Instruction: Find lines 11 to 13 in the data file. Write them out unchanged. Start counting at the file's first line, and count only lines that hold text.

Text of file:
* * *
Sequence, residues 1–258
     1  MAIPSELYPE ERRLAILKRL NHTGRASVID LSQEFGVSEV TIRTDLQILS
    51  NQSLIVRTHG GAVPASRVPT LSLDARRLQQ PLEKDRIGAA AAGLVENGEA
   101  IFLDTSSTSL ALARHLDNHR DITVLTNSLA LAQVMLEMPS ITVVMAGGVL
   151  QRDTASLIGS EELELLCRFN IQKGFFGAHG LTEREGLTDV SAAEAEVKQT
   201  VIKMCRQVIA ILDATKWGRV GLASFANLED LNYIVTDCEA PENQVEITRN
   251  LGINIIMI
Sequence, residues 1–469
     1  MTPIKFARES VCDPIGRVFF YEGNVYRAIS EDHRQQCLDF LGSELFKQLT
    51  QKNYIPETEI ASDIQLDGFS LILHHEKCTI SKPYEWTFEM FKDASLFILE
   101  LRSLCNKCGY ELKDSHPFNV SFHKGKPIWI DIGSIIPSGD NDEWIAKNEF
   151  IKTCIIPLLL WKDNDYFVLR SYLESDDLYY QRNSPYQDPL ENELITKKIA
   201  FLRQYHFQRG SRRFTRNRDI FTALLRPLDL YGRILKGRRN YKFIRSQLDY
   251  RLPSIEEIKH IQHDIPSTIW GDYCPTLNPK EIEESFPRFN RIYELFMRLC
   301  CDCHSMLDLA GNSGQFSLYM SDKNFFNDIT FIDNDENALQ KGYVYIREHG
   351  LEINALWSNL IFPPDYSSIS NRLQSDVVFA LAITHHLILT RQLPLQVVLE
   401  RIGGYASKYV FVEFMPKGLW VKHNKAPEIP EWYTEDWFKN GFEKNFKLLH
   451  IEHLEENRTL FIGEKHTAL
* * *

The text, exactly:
   101  LRSLCNKCGY ELKDSHPFNV SFHKGKPIWI DIGSIIPSGD NDEWIAKNEF
   151  IKTCIIPLLL WKDNDYFVLR SYLESDDLYY QRNSPYQDPL ENELITKKIA
   201  FLRQYHFQRG SRRFTRNRDI FTALLRPLDL YGRILKGRRN YKFIRSQLDY